African and other Africa-centered intellectuals point out that elderly people in Africa are walking libraries, carrying in their memories and experiences vast amounts of human knowledge. In the long duree past, oral media used to be the primary means of articulating and disseminating practical and theoretical knowledge not only in Africa but elsewhere in the world. With the coming of modern methods of schooling and print technologies, we stopped developing and improving on our in-born mental capacities to process huge amounts of wisdom and practical knowledge using oral methods. Tragically, the new methods we adopted, using modern schools, are by nature exclusionary, elitist and abstract. The numbers of people who can effectively be
trained using these methods are, in comparison with the indigenous ones, appallingly small, leading to the exclusionary and elitist consequences we see in Malawi and other societies today. This results in restricted access to opportunities for social mobility and the cultivation of the human capital inherent in every breathing being.

Malawians are fond of accusing each other of jealousy and envy. Many people who single out these vices as the bane of Malawian society fail to bring the historical and sociological context knowledge production into consideration and as a result make this generalized accusation in a rather shallow, uncritical and unanalytical way. Unfortunately this includes President wa Mutharika himself, as when he tells Tukula in the interview: "The difficulty with our politics is that it is based on hatred, jealousy and envy. 'I don't like him and he must go.' We cannot progress like that."

This is not to deny the existence of hatred, jealousy and envy amongst Malawians, and their disastrous consequences on Malawian society, no. Rather, it is the absence of deeper, analytical, critical inquiry into the problem in question that is the issue. Without understanding the
historical, classist and socioeconomic contexts of jealousy in Malawi, we are advancing very few solutions to effectively deal with the problem. Would it be unreasonable to speculate that our failure to better understand the root causes of problems of jealousy in Malawi are partly a result of our failure to make use of the memories and experiences of our elders, who surely ought to be able to provide us with broader perspectives on the changes Malawian society has undergone over the last several decades?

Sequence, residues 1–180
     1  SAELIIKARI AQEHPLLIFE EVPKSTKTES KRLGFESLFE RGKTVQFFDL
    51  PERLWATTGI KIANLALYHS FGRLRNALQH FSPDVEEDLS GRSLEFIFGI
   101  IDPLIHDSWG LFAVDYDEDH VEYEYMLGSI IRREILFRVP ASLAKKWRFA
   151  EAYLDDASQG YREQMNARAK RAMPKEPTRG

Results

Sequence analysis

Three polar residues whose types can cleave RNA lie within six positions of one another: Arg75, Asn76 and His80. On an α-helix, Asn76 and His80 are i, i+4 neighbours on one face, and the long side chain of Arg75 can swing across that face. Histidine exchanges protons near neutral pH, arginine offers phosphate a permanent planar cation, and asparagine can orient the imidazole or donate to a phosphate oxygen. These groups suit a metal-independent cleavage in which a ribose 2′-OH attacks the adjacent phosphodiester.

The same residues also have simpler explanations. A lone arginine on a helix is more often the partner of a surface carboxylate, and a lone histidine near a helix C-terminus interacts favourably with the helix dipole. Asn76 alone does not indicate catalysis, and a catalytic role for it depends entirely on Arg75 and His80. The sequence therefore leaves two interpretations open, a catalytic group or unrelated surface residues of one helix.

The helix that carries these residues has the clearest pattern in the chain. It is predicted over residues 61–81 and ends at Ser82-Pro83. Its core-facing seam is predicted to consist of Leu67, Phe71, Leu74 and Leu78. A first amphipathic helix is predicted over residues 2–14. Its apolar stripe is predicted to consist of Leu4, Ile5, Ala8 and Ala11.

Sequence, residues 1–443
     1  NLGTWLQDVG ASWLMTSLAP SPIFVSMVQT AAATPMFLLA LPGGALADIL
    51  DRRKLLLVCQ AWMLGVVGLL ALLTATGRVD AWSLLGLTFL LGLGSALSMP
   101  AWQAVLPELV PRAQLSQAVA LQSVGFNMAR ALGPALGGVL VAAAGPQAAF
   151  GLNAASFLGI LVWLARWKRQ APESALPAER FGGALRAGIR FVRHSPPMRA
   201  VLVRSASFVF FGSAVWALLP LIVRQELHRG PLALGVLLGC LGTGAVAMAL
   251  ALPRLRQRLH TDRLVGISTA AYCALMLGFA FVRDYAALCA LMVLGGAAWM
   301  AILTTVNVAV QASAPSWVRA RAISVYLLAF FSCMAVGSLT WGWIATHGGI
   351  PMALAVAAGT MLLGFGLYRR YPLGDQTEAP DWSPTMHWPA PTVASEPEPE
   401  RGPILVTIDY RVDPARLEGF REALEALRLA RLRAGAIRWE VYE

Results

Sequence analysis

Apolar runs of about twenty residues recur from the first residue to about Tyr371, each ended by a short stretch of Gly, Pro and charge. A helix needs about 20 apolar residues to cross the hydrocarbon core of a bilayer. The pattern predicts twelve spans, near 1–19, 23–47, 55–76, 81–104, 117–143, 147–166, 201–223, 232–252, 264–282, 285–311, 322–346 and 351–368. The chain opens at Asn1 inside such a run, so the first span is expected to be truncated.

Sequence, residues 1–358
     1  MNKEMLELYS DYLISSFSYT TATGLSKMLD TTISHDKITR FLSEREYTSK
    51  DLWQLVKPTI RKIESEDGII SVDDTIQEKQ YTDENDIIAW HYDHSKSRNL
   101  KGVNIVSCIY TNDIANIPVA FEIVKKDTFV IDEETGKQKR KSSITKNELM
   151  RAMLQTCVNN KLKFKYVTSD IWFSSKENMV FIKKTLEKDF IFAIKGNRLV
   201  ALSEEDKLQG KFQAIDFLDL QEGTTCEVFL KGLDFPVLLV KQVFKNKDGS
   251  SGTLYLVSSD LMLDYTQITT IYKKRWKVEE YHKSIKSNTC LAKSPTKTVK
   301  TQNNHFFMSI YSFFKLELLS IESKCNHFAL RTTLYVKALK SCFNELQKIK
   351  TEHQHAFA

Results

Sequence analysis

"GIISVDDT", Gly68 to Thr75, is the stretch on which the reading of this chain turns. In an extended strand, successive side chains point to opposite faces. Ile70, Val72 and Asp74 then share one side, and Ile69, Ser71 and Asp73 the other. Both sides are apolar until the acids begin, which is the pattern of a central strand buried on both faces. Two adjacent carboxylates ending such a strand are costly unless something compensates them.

While we are still on this question, it might also be interpreted as hypocritical, by some, that the president is talking about hatred and jealousy in Malawi amidst rumors that his government gave 2000 fertilizer coupons to each member of the president's cabinet, for distribution to supporters of the president's political party, the Democratic Progressive Party (DPP), as alleged in the media. The allegation has also been repeated by Hon. John Tembo, leader of opposition in parliament and president of former ruling party the Malawi Congress Party (MCP), in an interview on his arrival from South Africa recently (Nyasatimes, Dec. 29, 2007). If such allegations pan out to harbor elements of truth, it will be difficult to take the president seriously in his comments about jealousy in Malawi.

One would want to learn more about the Bingu Silver Grey Foundation and what specific programs it is engaged in. But as is the practice with many Malawian institutions, they do not seem to have a place where one can make a first stop in the quest to learn more. One sees the foundation mentioned in many articles online, but no official website for the foundation comes up. As Victor Kaonga writes about the Internet in Malawi, many Malawian politicians are Internet shy and hardly make use of new media technologies. One hopes the foundation does have a website, or that they will construct one soon if they haven't already.